WAYNE THIEBAUD (1920 - 2021)
WAYNE THIEBAUD (1920 - 2021)

Jawbreaker Machine

WAYNE THIEBAUD (1920 - 2021)
Jawbreaker Machine
signed and dated '? Thiebaud 1990' (lower right); signed again, inscribed, numbered and dated again 'A.P. Pastel Hand worked artist proof of non-editioned print Thiebaud '97 (lower edge)
extensively hand-worked pastel over linocut on paper
image: 21 1⁄2 x 16 in. (54.6 x 40.6 cm.)
sheet: 30 3⁄8 x 22 1⁄2 in. (30.3 x 22.5 cm.)
Executed in 1990⁄1997. This work is a unique hand-colored artist's proof aside from an edition of fifty.
Campbell-Thiebaud Gallery, San Francisco
Allan Stone Gallery, New York
Private collection, Jackson, Mississippi
Anon. sale; Christie's, New York, 11 November 2015, lot 230
Acquired at the above sale by the present owner

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Lot Essay

In Jawbreaker Machine, Wayne Thiebaud takes an ordinary, everyday object and turns its on its head, transforming it into something both quotidian and communal as well as something deeply personal. The gesture moves beyond the Pop Art sensibility of commenting on consumer culture and the ubiquity of mass production. Instead, this iconic work transforms a commonplace object into a site of nostalgia and beauty, while remaining refreshingly uncomplicated and digestile. Jawbreaker Machine is reminiscent of Barnett Newman's exclamation in 1963, when asked about Thiebaud's work: "All those globes of colored beauty, and for a penny, out comes something sweet and wonderful!" (Barnett Newman quoted in Wayne Thiebaud; A Paintings Retrospective, exh. cat., Fine Arts Museum of San Francisco, 2000, p. 20). By employing colored pastels, Thiebaud blends the concrete and the abstract, showcasing his mastery across differenent mediums.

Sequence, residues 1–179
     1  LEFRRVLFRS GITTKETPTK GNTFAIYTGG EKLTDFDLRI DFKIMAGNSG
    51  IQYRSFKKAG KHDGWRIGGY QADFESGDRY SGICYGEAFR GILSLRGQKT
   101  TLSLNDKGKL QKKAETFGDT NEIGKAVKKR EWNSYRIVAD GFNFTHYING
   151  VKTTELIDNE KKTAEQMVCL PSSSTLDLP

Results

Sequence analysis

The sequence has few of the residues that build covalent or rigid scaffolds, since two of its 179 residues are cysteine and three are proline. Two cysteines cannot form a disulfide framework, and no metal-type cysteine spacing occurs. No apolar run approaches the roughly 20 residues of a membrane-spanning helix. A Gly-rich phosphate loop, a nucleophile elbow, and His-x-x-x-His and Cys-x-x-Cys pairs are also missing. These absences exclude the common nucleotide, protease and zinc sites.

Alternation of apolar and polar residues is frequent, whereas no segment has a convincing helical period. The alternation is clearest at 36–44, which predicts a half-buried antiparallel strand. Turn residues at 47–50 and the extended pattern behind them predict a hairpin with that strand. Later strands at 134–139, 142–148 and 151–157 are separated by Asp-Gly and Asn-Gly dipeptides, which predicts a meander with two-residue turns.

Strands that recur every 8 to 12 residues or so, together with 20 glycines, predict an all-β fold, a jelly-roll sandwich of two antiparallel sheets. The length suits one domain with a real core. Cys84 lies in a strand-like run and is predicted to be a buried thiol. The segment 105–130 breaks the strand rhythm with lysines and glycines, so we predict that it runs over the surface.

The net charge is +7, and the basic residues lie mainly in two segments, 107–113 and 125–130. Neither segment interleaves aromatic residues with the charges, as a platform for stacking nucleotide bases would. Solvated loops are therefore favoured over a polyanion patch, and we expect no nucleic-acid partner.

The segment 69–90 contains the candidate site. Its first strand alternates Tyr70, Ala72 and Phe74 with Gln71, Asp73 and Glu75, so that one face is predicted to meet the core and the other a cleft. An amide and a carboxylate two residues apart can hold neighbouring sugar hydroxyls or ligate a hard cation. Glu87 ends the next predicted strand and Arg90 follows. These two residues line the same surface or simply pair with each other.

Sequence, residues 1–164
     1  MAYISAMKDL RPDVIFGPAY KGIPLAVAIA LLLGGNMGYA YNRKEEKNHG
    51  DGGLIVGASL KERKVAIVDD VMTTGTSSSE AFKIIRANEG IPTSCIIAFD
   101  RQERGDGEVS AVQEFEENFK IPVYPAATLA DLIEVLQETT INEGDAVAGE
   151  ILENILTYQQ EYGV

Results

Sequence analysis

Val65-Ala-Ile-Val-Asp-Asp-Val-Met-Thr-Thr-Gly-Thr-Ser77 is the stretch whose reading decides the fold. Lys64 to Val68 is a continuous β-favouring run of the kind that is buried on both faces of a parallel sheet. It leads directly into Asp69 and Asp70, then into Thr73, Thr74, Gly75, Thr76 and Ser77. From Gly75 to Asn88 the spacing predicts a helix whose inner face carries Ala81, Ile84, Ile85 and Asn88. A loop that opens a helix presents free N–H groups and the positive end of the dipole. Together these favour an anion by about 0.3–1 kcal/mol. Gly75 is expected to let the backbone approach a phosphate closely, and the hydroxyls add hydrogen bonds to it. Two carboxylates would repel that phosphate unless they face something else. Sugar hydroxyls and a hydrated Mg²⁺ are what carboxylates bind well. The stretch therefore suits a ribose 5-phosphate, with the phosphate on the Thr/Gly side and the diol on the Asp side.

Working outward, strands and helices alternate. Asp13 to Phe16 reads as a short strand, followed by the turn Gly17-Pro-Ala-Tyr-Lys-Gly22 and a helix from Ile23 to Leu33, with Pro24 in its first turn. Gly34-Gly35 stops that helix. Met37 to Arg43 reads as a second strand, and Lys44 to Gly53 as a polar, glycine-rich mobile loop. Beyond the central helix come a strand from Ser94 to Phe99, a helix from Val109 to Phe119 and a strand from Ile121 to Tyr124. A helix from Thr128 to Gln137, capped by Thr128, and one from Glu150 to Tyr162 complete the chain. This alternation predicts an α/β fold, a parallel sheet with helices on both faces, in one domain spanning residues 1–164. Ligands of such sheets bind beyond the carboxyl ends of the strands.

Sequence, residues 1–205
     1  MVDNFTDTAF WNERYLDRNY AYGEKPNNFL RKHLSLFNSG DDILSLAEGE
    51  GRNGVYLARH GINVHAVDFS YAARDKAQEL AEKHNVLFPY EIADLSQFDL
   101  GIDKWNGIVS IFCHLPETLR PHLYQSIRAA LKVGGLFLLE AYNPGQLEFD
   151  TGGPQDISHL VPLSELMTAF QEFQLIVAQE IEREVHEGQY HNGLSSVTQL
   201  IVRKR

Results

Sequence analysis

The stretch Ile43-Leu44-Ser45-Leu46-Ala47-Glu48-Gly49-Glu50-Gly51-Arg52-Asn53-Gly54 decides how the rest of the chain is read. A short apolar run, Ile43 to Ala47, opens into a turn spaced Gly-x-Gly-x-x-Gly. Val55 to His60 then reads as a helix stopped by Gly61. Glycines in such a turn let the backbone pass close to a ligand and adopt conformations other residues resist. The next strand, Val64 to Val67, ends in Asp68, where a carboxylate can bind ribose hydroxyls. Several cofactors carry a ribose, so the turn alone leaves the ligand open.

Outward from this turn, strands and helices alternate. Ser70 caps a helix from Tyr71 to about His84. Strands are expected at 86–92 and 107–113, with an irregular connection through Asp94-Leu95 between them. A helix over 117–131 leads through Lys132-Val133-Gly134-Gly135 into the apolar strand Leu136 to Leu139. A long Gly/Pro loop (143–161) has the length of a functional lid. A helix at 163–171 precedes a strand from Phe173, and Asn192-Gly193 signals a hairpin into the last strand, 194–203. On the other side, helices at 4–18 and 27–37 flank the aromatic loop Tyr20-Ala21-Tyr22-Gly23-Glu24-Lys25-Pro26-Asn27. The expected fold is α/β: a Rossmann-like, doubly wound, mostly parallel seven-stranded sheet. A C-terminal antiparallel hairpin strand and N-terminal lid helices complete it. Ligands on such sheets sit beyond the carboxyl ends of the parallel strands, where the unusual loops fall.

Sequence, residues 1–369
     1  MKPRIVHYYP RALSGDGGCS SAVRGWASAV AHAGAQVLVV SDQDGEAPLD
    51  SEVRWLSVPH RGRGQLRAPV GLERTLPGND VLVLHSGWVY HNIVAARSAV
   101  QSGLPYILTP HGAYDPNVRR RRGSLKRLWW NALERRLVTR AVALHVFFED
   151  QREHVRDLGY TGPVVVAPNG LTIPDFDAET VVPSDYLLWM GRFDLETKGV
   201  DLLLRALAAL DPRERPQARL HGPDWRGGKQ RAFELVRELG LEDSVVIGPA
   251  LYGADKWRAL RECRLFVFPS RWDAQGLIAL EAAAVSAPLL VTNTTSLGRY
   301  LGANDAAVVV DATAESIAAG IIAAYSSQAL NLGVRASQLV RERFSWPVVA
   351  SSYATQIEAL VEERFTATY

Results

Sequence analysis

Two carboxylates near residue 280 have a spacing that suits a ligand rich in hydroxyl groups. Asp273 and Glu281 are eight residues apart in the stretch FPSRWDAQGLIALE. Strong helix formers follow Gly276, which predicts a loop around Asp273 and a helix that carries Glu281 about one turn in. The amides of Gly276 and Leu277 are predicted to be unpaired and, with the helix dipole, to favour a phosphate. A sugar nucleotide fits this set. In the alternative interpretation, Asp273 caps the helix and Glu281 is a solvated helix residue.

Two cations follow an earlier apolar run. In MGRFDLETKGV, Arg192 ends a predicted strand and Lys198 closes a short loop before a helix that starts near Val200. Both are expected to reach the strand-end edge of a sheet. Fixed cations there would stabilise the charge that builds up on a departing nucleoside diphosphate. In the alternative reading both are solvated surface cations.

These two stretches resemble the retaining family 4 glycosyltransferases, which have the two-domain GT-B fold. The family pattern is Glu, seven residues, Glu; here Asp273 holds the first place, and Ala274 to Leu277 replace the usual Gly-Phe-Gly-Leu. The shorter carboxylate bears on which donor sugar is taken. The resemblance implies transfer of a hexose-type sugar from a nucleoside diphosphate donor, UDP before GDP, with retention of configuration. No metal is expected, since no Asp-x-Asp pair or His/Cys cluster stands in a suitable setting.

Saturating the paper with juicy layers of color in warm and cool tones, juxtaposed to create a glowing bouquet of color and contour, the result is a mouth-watering orchestration of round forms that demands quiet reflection, yet simultaneously asks to be plucked up and consumed.Thiebaud's iconic studies of common American foodstuffs draw upon both the traditional and the contemporary. While working in the tradition of still-life painting, Thiebaud meditates on the beauty of form and color in the vein of his Abstract Expressionist contemporaries but uses the subject matter associated with Pop Art of mass production and consumption. While small in scale, Jawbreaker Machine elevates the readily-available, democratic object to a state of artistic aristocracy by isolating it; a Duchampian gesture. By depicting the familiar image of the candy machine, Thiebaud takes the genre of still life off its pedestal and allows the viewer to revel in the simple pleasure of seeing, to appreciate the shapes for their beauty, and to be thrilled by their effervescent color, iconizing the banal.

Instead of relying on an overtly sensational image of something special or strange in order to create emotion, Thiebaud prefers the use of a familiar object, creating an enchanting sense of nostalgia as one recalls the inexpensive pleasure of a being a kid in a candy store with a penny in their pocket. In Jawbreaker Machine, Thiebaud does away with the brush in exchange for brightly colored pastels, revealing the immediacy yet control of his touch. A formal exploration of color, structure, and texture, Jawbreaker Machine is a playfully complex, iconic work that perfectly encapsulates how Wayne Thiebaud has so deftly captured the American psyche.

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